Posted by: Deepa Vasudevan on Thu, Apr 25th, 2019
How Rising Crude Prices could Reduce India's Investment Attractiveness
Emerging economies have fragile macro-economic systems, and India is no exception. The last few weeks have been a sobering experience for a country that is among the world’s fastest growing economies. As markets face the prospect of oil supplies from Iran drying up, India- Iran’s major consumer and a large oil importer- bore the consequences. In April so far, the price of crude has increased from $70/bbl to $75/bbl. The rupee has fallen steadily, breaching levels of 70 to a dollar by April 25. The benchmark 10-year yield is approaching 7.5%; despite massive liquidity injections by RBI through dollar swaps and open market operations (See Pic 1 below).
The resurgence of crude prices could have serious implications for India. Estimates show that a $10 increase in the price of crude leads to a $15 billion increase in the current account deficit, roughly about 0.5% of GDP. Inflation will rise too: an RBI study showed that starting at $65/bbl, a $10 increase in the price of crude, if completely passed through, would impact inflation directly and indirectly by over 1%. Finally, if the government decides to absorb some of the fuel price hike, inflation may increase by a lesser amount, but the fiscal deficit will increase instead. Collectively, the economy would be hit on three fronts- higher current account deficit, higher inflation and higher fiscal deficit. A simple but effective way to assess the impact is to add these three variables to create a Macroeconomic Vulnerability Index (MVI). The higher the MVI, the greater the risk of economic instability, and the higher the country’s vulnerability.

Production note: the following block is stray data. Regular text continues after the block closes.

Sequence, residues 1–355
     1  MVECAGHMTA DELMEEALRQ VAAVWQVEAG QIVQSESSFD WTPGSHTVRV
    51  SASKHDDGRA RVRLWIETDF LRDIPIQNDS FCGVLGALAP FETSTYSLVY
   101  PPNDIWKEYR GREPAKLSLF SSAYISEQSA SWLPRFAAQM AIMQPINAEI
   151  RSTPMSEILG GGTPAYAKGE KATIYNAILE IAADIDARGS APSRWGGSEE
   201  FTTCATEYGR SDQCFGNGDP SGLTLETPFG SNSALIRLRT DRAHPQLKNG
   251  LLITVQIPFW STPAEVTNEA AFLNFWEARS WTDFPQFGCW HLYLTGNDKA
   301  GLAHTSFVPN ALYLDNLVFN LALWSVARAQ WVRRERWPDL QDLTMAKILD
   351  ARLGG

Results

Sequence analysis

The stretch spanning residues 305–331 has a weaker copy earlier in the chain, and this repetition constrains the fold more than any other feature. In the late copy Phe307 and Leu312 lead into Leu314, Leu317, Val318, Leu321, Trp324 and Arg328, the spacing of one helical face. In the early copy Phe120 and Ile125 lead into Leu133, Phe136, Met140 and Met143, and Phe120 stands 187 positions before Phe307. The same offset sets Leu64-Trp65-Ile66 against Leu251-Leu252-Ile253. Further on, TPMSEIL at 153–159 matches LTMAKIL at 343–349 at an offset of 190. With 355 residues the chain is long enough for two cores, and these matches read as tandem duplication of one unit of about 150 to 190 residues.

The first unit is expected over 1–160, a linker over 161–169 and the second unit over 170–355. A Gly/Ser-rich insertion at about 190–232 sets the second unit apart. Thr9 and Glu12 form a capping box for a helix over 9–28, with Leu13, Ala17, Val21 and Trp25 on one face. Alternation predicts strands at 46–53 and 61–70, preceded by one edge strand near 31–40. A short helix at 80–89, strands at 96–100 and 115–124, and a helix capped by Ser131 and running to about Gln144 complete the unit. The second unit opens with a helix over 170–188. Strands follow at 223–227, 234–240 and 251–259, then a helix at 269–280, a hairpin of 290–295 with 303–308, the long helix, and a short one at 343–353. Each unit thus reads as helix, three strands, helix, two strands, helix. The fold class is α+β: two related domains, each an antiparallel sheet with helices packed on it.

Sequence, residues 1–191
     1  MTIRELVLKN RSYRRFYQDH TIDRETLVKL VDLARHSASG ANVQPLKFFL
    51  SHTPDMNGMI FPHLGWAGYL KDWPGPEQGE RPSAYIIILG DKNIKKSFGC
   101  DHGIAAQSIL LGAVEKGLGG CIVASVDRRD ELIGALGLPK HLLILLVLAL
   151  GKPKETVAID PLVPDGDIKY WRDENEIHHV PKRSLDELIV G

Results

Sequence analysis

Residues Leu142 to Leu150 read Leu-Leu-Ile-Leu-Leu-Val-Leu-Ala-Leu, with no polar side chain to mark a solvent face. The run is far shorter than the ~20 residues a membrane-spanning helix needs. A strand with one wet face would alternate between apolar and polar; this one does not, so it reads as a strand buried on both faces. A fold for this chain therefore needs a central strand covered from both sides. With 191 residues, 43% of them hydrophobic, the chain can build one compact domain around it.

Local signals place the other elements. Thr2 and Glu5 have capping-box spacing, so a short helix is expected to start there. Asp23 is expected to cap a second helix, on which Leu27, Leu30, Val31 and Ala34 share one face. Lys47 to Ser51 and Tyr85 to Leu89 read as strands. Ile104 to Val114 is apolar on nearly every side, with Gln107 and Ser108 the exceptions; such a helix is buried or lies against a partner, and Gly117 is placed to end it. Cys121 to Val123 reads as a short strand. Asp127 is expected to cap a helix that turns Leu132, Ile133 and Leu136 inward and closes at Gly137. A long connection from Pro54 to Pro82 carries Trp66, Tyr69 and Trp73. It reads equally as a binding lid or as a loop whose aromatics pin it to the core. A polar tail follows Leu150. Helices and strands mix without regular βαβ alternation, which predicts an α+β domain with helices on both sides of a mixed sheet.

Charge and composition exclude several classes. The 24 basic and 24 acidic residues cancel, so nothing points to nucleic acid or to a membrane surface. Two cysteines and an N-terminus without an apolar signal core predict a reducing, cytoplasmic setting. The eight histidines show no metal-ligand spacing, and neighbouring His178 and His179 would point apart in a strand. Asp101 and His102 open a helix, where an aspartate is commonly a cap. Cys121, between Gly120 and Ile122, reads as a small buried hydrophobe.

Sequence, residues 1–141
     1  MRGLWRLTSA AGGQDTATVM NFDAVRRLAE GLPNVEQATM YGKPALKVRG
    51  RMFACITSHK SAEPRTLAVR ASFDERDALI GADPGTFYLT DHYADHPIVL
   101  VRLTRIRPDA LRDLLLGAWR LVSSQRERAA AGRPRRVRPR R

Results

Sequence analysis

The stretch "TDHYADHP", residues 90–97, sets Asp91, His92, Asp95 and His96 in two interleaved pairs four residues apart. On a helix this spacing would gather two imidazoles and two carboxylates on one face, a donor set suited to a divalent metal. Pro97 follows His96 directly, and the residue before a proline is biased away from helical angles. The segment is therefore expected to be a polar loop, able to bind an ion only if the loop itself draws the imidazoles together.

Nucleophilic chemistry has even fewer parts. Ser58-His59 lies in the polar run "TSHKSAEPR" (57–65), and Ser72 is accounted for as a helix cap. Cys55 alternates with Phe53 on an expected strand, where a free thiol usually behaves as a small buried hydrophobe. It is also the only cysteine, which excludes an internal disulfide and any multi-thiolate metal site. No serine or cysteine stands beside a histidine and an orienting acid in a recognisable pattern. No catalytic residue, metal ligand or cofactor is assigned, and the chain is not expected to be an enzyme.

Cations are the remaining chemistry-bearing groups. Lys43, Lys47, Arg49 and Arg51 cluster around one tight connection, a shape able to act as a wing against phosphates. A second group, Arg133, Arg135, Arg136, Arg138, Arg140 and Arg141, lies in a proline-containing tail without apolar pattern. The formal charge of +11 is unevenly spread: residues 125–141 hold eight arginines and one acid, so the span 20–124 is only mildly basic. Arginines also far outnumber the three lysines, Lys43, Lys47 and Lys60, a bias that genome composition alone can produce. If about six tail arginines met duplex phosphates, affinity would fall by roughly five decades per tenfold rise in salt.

High dependence on crude imports makes India vulnerable to crude price shocks; and it is a prime source of macroeconomic risk. At the same time, investors like to invest in India in order to participate in its current and future growth story. If the risk (measured by MVI) is matched by the reward (real economic growth), investment is likely to flow into the country on a sustained basis. The Rational Investors Ratings Index (RIRI), computed as the difference between the growth rate and MVI, measures this risk-reward trade-off (Pic 2).
Note how investment attractiveness changed between FY13 and FY17. In FY13, all macro variables were flashing red: the economy faced double-digit inflation, CAD was at an all-time high, and fuel and food subsidies had pushed up the fiscal deficit. In the following years, economic vulnerability reduced due to falling crude prices, tighter fiscal management, and implementation of new reforms. As growth picked up, the risk-reward situation improved significantly. However, the first signs of deterioration can be seen in 2018-19. Even assuming that the government meets its fiscal deficit targets, the current account deficit is expected to be higher than last year, and growth has slowed down. Investing in India has become riskier. Going forward, if crude prices stay high, the risk-reward dynamic will worsen further. Unless India cuts its deficits or improves its growth, it will continue to be perceived as a risky investment.
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